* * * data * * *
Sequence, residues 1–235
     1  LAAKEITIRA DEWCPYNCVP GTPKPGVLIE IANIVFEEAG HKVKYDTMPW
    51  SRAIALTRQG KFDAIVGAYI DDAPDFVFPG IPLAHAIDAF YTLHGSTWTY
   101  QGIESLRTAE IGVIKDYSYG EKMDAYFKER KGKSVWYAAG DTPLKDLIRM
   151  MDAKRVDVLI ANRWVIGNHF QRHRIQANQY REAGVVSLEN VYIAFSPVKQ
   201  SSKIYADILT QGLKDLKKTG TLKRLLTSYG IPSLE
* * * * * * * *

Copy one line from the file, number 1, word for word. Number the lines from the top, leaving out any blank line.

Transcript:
Sequence, residues 1–235